How to determine Linux Memory Usage?

Free memory on Linux is a very different world to the one that most people would be used to. For years windows users have installed odd bits of memory management software in a desperate bid to see the biggest green segment of the memory pie chart. Well, it can be argued that any good operating system SHOULD make full use of the installed memory. Why continually unload and de-allocate memory when you are probably just going to have to load it up again shortly after?

The Linux kernel uses something known as lazy de-allocation – which means that although the memory pages may not be used, they are left un-wiped from memory in case they are needed again. Think about common linked libraries and such. Linux only keeps a few pages of memory actually free, so that it has the ability to load stuff quickly, and THEN think about de-allocating memory to make more space if it has to.This is why Linux is so efficient, and is used throughout the world in systems with limited memory capacity. That’s not to say Linux isn’t powerful – give it a big memory pool and a few dozen cpu cores and it will tear through computing tasks as fast if not faster than any commercial operating system (mentioning no names)…

the 'top' command can be misleading

the 'top' command can be misleading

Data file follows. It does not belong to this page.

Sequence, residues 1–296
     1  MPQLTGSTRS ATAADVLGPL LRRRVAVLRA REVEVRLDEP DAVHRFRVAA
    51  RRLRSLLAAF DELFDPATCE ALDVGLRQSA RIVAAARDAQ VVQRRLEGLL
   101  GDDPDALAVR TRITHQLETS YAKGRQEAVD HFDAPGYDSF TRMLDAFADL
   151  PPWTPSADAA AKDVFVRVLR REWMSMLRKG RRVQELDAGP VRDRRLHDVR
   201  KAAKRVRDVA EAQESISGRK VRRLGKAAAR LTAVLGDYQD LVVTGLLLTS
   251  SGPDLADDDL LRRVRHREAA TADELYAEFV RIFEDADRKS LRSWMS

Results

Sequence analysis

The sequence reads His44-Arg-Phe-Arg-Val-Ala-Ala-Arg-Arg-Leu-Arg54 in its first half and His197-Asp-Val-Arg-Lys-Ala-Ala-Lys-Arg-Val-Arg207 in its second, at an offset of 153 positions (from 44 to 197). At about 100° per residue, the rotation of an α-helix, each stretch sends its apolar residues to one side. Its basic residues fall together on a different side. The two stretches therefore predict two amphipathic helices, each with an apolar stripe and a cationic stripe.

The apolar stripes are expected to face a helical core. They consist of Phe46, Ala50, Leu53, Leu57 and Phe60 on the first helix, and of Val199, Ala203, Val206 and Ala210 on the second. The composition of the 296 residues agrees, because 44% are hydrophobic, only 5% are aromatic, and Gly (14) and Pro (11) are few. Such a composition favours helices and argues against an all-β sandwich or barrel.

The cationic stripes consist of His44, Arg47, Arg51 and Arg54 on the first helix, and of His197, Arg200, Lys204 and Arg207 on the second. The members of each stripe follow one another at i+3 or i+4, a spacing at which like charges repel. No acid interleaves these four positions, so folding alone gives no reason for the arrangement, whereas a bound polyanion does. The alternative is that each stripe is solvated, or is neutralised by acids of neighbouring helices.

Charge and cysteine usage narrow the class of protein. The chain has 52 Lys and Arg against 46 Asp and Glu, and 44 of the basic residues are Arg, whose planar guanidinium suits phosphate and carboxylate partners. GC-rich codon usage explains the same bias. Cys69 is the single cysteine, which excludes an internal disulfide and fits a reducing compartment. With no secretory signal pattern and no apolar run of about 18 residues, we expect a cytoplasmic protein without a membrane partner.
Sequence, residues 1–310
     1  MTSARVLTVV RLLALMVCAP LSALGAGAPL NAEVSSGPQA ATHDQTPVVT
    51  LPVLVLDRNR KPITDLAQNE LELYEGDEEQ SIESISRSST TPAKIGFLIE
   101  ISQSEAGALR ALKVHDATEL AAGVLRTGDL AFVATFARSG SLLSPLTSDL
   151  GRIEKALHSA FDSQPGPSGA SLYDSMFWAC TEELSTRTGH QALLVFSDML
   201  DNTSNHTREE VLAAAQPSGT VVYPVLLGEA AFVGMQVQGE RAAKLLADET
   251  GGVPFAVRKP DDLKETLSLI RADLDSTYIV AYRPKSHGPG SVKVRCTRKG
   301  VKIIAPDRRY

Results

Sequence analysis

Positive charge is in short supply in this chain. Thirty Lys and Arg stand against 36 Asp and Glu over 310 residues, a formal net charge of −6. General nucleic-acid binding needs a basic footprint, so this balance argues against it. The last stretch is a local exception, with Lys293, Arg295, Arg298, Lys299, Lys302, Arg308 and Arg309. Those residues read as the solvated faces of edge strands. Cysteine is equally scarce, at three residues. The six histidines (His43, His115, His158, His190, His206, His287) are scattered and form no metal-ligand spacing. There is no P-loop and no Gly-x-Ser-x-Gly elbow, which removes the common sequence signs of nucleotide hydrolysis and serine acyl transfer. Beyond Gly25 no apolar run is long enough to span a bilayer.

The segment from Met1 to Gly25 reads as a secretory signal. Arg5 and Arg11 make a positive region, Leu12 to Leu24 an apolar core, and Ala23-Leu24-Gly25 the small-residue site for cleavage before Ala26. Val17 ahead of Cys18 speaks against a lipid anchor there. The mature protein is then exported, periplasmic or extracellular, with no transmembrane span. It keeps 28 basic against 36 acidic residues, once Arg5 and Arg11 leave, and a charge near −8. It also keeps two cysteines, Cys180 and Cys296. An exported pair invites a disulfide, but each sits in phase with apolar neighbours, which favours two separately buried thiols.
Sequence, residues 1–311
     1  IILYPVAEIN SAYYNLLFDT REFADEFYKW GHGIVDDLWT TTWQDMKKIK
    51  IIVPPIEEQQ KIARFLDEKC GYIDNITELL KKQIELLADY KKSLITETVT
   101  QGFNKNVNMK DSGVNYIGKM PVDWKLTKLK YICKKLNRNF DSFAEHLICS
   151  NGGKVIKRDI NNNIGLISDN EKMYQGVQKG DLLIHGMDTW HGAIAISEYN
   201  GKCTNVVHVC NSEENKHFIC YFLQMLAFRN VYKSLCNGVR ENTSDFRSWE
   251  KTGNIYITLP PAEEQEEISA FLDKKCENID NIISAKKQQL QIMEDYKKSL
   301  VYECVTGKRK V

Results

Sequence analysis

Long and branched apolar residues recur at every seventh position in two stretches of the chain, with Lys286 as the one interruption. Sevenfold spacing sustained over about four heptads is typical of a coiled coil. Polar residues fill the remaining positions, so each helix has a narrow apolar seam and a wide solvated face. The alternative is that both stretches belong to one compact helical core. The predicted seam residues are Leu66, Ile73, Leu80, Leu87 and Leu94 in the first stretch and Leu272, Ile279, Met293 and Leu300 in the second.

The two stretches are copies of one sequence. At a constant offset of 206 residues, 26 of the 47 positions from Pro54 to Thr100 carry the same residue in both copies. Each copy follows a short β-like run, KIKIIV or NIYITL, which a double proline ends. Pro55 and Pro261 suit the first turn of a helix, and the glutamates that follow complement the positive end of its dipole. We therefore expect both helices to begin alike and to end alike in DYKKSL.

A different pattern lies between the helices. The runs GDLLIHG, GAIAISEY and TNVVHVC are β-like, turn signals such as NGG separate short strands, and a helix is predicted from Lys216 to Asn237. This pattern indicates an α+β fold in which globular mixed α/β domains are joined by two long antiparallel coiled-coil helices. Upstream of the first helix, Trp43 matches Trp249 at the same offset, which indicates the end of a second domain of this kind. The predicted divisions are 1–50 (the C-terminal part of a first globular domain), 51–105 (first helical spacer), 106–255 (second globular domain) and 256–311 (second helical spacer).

Anyway, on with the show. Most people use the “top” command, and look at this part of the screen and panic, thinking they are low on memory. The above example would leave you thinking that your 2Gb server only has about 105Mb free. Well, strictly speaking, this is true. Linux is “making use” of all but 105Mb of memory. That’s not the same as saying all of that memory is being used by processes and is busy, it’s just saying that it has something useful in it.

A much better view of how much free memory your server has is to run the “free” command… or

free -m
the 'free' command gives us a much happier picture

the 'free' command gives us a much happier picture

This will show the results in Megabytes. Now the important bit to look for here is the -/+ buffers/cache line. This is telling us (in the above case) that Linux us actually using (buffering) 380Mb, and the free (cache) is actually more like 1646Mb – Plenty of space!

When things really start to get busy then you will see the Swap being used, but you really don’t want to get into this area if you can help it as disk access, as we all know, is much slower than RAM.

Anyway, I hope that’s helped explain a tiny bit about Linux memory usage and Linux free memory.


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